By Clarence Waldron
Howard Sandifer, founder of the Chicago West Community Music Center, teaches his students “music is the universal language that is understood by people all over the world.”
Sandifer and 32 of his students are on a summer trip to China. It is their second trip there.
The Chicago West Community Center Orchestra will be the first Americans to perform at the Shanghai Music Festival and to participate in the MISA International Music Camp.
They left July 5 and return July 15.
“They will share their talents and skills with other students from around the world,” says Sandifer. “We have taught them to do their best. They are representing themselves, their families, Chicago West and their country.”
He adds, “They will learn that the world is really a big place. To quote Dr. Maya Angelou, ‘We are more alike, my friends, than we are unalike.”
The Chinese students will visit Chicago on August 1 at Garfield Park Conservatory at 6:00 p.m.
Since he and his wife, Darlene, founded Chicago West Community Music Center in 1999, they have provided music education for 20,000 students. The Chicago West Community Music Center kicks off its summer concert series with “The Soul of Chicago” on Monday, July 23 at 1:00 p.m. in Amundsen Park, 6200 West Bloomingdale. Students will perform tunes by Minnie Riperton, Curtis Mayfield, Kanye West, Koko Taylor, Chaka Khan, Sam Cooke, Dinah Washington and Earth, Wind and Fire.
Other dates for the summer include Wednesday, July 25 at 1:00 p.m. in Fosco Park, 1312 South Racine; Monday, July 30 at 1:00 p.m. in Anderson Park, 3748 South Prairie; Monday, August 6 at 1:00 p.m. in Bradley Park, 9727 South Yates Avenue and Friday, August 10 at 6:00 p.m. in Garfield Park, 100 North Central Park Avenue.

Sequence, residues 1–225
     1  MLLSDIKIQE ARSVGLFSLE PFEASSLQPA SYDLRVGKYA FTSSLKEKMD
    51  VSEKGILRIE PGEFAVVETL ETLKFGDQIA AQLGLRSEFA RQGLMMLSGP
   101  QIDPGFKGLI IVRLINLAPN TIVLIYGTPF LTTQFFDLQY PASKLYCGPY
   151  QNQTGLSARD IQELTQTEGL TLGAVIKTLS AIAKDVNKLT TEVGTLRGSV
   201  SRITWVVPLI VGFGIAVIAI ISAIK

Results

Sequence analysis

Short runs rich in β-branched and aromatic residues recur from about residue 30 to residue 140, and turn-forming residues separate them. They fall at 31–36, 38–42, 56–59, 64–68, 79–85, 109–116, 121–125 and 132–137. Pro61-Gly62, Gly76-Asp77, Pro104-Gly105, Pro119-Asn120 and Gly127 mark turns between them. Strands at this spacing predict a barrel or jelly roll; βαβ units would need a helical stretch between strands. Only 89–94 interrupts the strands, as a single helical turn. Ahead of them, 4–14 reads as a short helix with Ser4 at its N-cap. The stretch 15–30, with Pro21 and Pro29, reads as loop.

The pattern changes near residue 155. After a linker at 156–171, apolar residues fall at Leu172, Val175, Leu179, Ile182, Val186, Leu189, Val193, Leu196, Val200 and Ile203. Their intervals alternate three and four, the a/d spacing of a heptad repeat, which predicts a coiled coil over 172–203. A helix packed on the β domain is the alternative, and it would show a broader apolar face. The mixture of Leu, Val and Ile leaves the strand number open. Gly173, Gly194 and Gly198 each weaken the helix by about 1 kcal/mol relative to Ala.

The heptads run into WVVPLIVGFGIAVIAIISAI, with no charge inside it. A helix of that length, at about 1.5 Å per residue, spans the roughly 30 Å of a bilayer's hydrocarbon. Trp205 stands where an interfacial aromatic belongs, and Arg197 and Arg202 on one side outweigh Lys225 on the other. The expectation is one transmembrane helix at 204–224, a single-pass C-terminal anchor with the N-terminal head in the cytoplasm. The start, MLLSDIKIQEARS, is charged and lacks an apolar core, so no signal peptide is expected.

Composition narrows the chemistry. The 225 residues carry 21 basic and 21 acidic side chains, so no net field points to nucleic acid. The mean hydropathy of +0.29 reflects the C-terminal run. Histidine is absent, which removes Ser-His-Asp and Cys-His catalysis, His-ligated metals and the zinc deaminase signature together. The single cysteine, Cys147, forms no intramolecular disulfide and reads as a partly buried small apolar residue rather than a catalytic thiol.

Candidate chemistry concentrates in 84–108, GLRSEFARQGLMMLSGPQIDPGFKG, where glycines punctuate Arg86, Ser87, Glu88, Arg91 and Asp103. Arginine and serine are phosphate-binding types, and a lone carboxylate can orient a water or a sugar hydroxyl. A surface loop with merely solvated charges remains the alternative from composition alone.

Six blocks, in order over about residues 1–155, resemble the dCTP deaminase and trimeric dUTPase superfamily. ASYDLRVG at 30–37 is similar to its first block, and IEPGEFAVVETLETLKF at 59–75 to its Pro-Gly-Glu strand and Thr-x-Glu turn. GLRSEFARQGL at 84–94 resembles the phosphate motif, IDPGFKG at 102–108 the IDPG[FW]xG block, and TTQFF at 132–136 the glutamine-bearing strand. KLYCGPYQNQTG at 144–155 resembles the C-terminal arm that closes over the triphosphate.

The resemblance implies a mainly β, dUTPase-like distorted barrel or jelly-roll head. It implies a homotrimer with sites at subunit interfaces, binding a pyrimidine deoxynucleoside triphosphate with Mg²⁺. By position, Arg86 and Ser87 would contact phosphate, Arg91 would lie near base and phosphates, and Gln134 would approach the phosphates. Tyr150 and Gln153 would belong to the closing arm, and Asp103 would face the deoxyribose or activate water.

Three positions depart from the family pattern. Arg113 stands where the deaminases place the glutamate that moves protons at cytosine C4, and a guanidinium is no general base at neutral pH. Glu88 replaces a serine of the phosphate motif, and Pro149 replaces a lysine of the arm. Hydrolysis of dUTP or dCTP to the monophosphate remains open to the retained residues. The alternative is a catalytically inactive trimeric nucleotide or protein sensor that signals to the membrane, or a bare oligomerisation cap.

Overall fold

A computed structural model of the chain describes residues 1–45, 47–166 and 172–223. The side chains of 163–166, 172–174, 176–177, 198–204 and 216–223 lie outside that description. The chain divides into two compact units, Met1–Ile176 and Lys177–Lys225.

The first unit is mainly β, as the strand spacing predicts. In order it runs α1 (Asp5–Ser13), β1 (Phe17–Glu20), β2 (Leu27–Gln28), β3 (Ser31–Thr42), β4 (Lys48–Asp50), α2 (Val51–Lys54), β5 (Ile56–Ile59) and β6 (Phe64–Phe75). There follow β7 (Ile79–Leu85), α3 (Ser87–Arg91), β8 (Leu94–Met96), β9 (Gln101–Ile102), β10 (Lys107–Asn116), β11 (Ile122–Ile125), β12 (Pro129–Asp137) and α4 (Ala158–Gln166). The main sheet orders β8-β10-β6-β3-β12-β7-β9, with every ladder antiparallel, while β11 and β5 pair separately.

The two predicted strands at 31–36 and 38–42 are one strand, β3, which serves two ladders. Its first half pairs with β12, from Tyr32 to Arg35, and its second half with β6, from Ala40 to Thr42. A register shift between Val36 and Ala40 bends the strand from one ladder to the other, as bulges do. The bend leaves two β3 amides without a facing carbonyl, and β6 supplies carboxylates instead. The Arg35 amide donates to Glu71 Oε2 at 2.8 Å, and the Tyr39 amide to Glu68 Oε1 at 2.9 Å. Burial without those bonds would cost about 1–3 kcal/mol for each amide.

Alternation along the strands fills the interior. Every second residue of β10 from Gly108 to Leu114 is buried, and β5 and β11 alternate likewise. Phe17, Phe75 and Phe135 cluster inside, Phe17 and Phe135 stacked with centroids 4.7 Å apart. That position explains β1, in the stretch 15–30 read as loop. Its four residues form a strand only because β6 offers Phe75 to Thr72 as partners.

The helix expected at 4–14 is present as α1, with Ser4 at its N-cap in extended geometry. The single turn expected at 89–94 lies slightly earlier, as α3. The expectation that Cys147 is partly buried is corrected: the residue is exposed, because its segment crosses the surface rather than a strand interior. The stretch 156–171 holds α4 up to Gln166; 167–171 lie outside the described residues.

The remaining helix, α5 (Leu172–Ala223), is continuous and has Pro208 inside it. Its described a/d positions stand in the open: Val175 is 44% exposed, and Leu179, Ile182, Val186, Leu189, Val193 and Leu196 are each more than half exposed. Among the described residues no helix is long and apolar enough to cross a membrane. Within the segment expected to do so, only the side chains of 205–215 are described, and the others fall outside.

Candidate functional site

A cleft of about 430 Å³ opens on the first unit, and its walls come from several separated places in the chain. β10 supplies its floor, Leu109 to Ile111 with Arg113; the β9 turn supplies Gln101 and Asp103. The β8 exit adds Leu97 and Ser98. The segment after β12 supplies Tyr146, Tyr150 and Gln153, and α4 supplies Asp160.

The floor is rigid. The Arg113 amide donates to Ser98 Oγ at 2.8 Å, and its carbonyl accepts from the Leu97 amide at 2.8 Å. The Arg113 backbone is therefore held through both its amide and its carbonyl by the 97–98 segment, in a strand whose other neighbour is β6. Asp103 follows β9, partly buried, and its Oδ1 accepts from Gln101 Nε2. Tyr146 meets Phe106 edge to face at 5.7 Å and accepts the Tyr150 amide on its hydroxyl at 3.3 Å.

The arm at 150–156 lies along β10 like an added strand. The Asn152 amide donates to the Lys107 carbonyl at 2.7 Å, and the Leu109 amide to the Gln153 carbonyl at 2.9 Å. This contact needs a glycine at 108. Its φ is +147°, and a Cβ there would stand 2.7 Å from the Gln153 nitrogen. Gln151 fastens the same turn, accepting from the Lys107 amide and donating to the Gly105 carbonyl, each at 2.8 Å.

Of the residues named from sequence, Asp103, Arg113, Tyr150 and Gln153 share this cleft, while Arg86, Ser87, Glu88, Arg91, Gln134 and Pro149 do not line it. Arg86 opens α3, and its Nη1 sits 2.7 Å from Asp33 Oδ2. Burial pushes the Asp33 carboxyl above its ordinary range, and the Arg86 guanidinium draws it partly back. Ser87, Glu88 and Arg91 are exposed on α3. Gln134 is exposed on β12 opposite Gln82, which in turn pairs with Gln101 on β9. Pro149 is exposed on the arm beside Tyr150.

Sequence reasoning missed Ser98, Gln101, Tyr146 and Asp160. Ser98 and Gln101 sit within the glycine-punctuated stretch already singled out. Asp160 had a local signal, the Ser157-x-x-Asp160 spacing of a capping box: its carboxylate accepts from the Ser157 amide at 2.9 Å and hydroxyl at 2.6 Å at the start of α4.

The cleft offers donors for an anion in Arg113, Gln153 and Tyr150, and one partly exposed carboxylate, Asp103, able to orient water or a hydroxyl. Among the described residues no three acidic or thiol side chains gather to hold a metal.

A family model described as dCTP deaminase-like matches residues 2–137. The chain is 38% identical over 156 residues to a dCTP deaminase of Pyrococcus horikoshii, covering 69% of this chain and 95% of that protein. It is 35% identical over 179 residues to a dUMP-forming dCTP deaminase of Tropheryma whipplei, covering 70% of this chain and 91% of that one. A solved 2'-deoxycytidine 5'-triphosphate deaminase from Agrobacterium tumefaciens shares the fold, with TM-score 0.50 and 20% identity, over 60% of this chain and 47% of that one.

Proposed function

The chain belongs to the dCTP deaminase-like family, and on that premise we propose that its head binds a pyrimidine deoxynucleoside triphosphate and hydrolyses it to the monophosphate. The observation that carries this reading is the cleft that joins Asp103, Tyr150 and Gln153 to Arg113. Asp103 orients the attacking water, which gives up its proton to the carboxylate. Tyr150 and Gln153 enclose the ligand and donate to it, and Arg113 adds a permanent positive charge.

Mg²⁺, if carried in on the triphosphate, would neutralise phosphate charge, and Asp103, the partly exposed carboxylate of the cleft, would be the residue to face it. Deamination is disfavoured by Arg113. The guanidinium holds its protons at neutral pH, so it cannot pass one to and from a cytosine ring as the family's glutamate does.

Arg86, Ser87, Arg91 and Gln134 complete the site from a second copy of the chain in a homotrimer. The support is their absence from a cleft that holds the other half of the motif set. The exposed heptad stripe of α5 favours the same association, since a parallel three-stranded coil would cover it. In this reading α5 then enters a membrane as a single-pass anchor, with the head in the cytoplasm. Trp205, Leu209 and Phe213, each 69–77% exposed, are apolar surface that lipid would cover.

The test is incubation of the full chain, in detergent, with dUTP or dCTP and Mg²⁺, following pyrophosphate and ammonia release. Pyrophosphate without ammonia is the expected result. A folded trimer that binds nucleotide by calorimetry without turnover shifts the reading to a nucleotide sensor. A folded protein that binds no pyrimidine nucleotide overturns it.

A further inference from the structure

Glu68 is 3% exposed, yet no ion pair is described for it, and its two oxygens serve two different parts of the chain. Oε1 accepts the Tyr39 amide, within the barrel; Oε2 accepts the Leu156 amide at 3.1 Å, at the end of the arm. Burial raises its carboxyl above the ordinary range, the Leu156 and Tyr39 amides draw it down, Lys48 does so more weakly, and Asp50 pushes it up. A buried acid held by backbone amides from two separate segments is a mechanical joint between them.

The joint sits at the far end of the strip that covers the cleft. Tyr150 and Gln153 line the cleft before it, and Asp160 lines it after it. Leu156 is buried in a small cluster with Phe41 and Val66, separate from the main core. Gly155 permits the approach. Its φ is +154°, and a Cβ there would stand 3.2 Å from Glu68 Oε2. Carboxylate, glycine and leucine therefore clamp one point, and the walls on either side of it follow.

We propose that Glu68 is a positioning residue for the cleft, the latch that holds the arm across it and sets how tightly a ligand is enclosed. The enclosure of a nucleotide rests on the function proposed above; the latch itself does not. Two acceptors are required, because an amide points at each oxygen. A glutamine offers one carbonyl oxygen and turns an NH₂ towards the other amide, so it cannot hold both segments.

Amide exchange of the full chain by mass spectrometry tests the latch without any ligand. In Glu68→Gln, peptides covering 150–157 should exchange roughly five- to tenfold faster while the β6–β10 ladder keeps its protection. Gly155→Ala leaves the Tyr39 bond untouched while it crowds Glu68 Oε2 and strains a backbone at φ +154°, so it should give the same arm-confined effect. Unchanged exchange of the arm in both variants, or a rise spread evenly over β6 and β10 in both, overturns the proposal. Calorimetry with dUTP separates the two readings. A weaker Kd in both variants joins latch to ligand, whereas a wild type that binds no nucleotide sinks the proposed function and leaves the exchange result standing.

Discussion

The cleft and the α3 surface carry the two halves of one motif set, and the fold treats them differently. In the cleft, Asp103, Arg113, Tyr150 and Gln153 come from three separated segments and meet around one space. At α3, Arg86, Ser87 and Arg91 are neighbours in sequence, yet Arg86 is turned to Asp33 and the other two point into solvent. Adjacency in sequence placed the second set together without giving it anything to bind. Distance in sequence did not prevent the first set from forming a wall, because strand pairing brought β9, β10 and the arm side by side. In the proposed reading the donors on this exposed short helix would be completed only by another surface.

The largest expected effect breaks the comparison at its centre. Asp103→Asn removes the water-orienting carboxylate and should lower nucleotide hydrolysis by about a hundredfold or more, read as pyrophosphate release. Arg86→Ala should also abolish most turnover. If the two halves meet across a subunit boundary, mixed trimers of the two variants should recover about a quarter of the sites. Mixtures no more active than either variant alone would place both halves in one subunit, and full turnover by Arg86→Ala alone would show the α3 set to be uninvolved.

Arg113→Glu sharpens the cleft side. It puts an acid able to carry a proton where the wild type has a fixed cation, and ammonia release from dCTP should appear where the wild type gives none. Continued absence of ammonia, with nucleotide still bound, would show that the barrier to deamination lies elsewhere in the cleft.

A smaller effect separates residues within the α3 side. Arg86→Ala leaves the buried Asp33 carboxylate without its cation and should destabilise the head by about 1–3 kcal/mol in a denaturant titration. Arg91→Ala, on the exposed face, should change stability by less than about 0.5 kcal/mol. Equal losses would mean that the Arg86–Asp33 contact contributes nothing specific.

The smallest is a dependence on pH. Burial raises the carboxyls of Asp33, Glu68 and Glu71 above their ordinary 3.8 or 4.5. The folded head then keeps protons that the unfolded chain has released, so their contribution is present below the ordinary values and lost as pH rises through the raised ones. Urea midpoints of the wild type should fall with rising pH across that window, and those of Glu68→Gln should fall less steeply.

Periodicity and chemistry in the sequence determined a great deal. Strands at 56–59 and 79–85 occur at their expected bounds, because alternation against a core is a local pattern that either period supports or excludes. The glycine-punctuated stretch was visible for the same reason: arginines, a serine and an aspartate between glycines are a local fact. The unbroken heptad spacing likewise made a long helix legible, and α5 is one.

Charles Brown, 19, looks forward to the summer series in the parks. “We bring a unique experience every time you hear us sing, from the old Motown songs to the Sounds of Philadelphia, we bring a lot of energy and passion to our performances. We want to see each other become better. We work with each other.”
He says, “Coming from the West Side is an eye-opener. We offer a lot of positivity. There is light in the city although it is often broadcast as so much darkness.”
Jamaal Crawford, 26, attended the Music Center and has returned as an instructor.
“I teach them that they can achieve what they want as long as they work hard, set goals and think ahead. Chicago West is a safe place to grow creatively as an artist.”
Perhaps, Cynthia Anthony-Harris, the mother of trumpeter Nathan Ferguson, sums up the success of CWCMC.
“I can’t thank you enough for providing such a brilliant music program to the children on the Westside of Chicago,” she wrote to the Center’s website.
“You have given our children an opportunity to dream, grow and share the God-given gifts within them; while allowing us, the parents, the opportunity to encourage, support, show pride, smile, and yes, sometimes even cry tears of joy at the beautiful music we get to enjoy.”
She concludes, “The CWCMC is a crown jewel that Chicago can be proud of.”